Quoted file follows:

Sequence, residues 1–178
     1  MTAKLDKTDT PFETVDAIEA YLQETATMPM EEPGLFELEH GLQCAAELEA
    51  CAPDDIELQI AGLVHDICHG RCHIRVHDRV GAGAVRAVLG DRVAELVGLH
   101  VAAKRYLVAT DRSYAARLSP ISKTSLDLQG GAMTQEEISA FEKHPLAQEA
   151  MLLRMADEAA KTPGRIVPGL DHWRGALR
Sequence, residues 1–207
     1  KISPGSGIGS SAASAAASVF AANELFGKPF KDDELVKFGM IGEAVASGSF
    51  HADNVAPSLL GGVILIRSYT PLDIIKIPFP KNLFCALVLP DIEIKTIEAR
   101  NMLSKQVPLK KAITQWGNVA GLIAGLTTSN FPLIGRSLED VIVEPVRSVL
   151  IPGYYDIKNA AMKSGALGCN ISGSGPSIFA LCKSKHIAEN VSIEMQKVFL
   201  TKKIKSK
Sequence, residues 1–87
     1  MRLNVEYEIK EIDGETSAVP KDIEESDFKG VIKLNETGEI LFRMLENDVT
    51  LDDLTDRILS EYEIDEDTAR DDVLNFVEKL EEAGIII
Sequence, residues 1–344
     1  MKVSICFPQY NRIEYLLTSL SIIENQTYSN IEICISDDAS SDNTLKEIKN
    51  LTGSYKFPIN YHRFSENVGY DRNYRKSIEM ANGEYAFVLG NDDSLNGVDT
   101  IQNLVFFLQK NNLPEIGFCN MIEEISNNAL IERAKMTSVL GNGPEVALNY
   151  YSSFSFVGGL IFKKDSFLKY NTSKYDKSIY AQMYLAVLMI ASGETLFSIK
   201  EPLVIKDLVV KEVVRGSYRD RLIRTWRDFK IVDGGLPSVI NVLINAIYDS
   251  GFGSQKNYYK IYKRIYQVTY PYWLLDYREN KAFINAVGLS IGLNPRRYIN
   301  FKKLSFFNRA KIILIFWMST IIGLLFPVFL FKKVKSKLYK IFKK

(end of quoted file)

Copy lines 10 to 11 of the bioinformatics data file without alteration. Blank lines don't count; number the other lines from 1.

   151  IPGYYDIKNA AMKSGALGCN ISGSGPSIFA LCKSKHIAEN VSIEMQKVFL
   201  TKKIKSK